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Nene Trade Reaction: Nuggets Are Among NBA Deadline Losers, Says Mike Prada Of SB Nation

The Denver Nuggets got themselves involved in a three-team trade that went down just before the NBA Trade Deadline on Thursday, but it's not clear the Nuggets got themselves a good deal in the process. In the transaction, the Washington Wizards sent JaVale McGee and Ronny Turiaf to the Nuggets and Nick Young to the Clippers in exchange for Nene and Brian Cook and a second-round pick from LA. By moving the 29-year old Nene, Denver gets out from under a five-year, $67 million contract he signed with the team this past offseason, but the return features enigmatic big man JaVale McGee and Ronny Tufiaf as filler. Both McGee and Turiaf are impending free agents, and the Wizards hadn't planned on re-signing either one of them. What does that say?

SB Nation's Mike Prada, who is an editor at SB Nation D.C. and creator of Wizards blog Bullets Forever, is the perfect man to look evaluate the deal and explain what the Nuggets got for Nene. In his NBA Trade Deadline Grades post, Prada lists the Nuggets under the Losers category, and here is why:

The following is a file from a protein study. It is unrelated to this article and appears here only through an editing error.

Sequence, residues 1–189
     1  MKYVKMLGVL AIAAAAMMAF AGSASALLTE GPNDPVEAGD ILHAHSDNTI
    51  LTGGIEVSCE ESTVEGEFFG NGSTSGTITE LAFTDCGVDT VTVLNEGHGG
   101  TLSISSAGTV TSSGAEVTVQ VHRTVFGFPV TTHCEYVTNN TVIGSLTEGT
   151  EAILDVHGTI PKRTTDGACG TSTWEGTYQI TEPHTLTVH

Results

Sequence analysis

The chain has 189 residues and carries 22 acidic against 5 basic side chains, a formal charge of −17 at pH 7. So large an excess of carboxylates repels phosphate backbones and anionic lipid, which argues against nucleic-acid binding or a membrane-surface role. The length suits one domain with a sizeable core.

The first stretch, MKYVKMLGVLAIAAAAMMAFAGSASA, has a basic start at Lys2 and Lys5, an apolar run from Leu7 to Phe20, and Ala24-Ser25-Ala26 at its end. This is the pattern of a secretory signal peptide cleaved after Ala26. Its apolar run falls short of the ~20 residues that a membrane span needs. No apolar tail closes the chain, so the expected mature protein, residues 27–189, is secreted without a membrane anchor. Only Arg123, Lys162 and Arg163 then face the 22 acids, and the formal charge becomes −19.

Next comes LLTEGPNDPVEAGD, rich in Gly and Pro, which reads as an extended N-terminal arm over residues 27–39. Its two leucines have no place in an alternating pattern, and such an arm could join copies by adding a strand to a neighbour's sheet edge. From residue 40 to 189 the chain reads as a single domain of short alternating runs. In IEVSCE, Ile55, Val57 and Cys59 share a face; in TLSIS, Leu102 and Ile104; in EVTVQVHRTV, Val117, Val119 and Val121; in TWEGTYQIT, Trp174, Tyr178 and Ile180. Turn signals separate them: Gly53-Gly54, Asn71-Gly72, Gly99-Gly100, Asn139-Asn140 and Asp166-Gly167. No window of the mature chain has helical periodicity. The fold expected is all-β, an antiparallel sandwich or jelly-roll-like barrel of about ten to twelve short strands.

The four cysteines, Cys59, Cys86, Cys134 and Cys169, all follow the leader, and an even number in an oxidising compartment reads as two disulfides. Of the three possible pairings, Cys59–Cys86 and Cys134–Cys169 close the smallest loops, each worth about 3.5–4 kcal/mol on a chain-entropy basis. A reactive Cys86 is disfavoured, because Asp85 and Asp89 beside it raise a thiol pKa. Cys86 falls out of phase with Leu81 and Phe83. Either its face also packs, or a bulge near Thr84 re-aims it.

Sure, Nene's production is down, but he's still a pretty good player and the Nuggets still were in a pretty good place in the Western Conference hierarchy despite injuries to Nene and Danilo Gallinari. Why make this move now after locking up so many core pieces from the Carmelo Anthony trade? If opening up more cap flexibility going forward is the goal, why turn around and give Wilson Chandler a long-term deal? Given the Nuggets' surplus of somewhat productive wing players behind Gallinari and Arron Afflalo (Corey Brewer, Rudy Fernandez), is paying Chandler preferable to paying Nene? My nagging feeling is similar to the one I had when the Celtics traded Kendrick Perkins for Jeff Green last year. It seems Masai Ujiri may have outsmarted himself.

Of course, there's always the chance that JaVale McGee realizes his incredible potential, but my first instinct is that this is not an especially great place for him. George Karl's system is free-flowing and relies on having good decision-makers on the court to figure things out. McGee would probably fare better in a structured system with a defined role.

Perhaps Denver knows something damning about Nene that the Wizards have yet to find out, but if not they might be wishing they could undo the trade within a year.Then again, maybe Kenneth Faried makes them forget about Nene and Mcgee altogether.

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